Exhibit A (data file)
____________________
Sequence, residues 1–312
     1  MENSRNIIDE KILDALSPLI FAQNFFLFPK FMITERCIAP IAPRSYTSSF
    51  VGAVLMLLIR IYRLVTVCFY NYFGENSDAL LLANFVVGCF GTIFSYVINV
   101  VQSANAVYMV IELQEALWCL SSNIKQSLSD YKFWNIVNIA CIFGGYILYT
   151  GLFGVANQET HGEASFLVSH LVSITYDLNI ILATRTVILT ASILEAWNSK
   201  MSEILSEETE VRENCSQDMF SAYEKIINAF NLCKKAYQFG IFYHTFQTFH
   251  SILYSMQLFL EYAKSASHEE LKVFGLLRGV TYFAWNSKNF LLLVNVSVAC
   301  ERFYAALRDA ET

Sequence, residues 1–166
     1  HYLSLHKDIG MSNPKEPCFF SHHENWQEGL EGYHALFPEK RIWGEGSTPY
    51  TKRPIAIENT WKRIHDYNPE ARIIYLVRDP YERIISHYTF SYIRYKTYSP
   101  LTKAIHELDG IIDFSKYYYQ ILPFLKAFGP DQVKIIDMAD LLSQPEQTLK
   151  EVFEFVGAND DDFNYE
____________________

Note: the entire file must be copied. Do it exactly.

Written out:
Sequence, residues 1–312
     1  MENSRNIIDE KILDALSPLI FAQNFFLFPK FMITERCIAP IAPRSYTSSF
    51  VGAVLMLLIR IYRLVTVCFY NYFGENSDAL LLANFVVGCF GTIFSYVINV
   101  VQSANAVYMV IELQEALWCL SSNIKQSLSD YKFWNIVNIA CIFGGYILYT
   151  GLFGVANQET HGEASFLVSH LVSITYDLNI ILATRTVILT ASILEAWNSK
   201  MSEILSEETE VRENCSQDMF SAYEKIINAF NLCKKAYQFG IFYHTFQTFH
   251  SILYSMQLFL EYAKSASHEE LKVFGLLRGV TYFAWNSKNF LLLVNVSVAC
   301  ERFYAALRDA ET

Sequence, residues 1–166
     1  HYLSLHKDIG MSNPKEPCFF SHHENWQEGL EGYHALFPEK RIWGEGSTPY
    51  TKRPIAIENT WKRIHDYNPE ARIIYLVRDP YERIISHYTF SYIRYKTYSP
   101  LTKAIHELDG IIDFSKYYYQ ILPFLKAFGP DQVKIIDMAD LLSQPEQTLK
   151  EVFEFVGAND DDFNYE